iPod continues its sad trudge toward extinction | Cult of Mac

iPod continues its sad trudge toward extinction


Did you own an iPod nano?
Photo: Apple

Once the crown jewel in Apple’s treasure chest, the iPod continues its slow march to the end. This week, the last generation iPod nano, which debuted with new color options in 2015, officially debuted on Apple’s “vintage” list.

Apple defines vintage products are those that have not been sold for more than five, but less than seven, years. Vintage products continue to receive hardware service from Apple service providers, but this is subject to the availability of inventory. Once they reach the seven year discontinued mark, they are classified as “obsolete,” meaning that Apple will no longer service them.

The seventh generation iPod nano was sold as being Apple’s thinnest iPod ever. It boasted the ability to connect to Bluetooth headphones and speakers, featured a built-in FM radio tuner, and came with a 2.5-inch color display.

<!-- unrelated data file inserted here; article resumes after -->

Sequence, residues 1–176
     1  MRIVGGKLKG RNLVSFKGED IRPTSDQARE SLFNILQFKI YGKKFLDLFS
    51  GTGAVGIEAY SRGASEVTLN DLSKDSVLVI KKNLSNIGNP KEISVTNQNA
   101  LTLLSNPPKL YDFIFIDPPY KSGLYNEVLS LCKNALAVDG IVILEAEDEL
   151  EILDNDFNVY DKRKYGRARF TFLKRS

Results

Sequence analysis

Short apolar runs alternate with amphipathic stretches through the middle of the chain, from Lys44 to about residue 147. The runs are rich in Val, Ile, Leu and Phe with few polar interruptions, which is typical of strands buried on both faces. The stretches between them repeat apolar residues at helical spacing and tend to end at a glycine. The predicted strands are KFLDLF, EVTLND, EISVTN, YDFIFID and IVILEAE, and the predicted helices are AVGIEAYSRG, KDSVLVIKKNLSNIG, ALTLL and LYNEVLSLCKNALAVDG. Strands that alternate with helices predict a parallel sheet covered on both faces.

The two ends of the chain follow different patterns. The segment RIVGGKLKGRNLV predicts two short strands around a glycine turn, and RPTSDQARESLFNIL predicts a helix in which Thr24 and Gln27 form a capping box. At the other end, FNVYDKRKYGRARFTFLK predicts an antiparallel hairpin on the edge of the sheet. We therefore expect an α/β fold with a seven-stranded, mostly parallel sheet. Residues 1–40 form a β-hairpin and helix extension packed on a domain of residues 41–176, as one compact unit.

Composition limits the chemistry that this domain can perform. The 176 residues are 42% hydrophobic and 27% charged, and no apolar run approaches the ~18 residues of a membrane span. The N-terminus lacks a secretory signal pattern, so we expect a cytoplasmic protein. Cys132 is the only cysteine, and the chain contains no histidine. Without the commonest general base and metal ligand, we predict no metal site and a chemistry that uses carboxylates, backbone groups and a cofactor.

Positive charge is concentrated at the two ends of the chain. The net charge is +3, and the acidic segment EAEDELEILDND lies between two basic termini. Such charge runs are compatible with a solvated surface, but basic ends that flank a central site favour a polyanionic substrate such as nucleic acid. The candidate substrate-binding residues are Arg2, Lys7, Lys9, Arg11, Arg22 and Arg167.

At one time, Apple had five different iPod product lines: the Classic, Nano, Shuffle, Mini, and Touch. Today, the Touch is the only iPod that can be considered active. The seventh-gen iPod Touch, which is basically an iPhone without the ability to make calls, debuted in May 2019. Will it turn out to be the last iPod Apple ever makes? That remains to be seen.

Ultimately, tech products don’t have a particularly long life. The Apple that thrived thanks to the iPod is a very different company to the Apple of today. Still, it was a great product for its time.

Do you have fond memories of the iPod nano? What was your favorite ever iPod? Let us know your thoughts in the comments below.


Daily round-ups or a weekly refresher, straight from Cult of Mac to your inbox.

  • The Weekender

    The week's best Apple news, reviews and how-tos from Cult of Mac, every Saturday morning. Our readers say: "Thank you guys for always posting cool stuff" -- Vaughn Nevins. "Very informative" -- Kenly Xavier.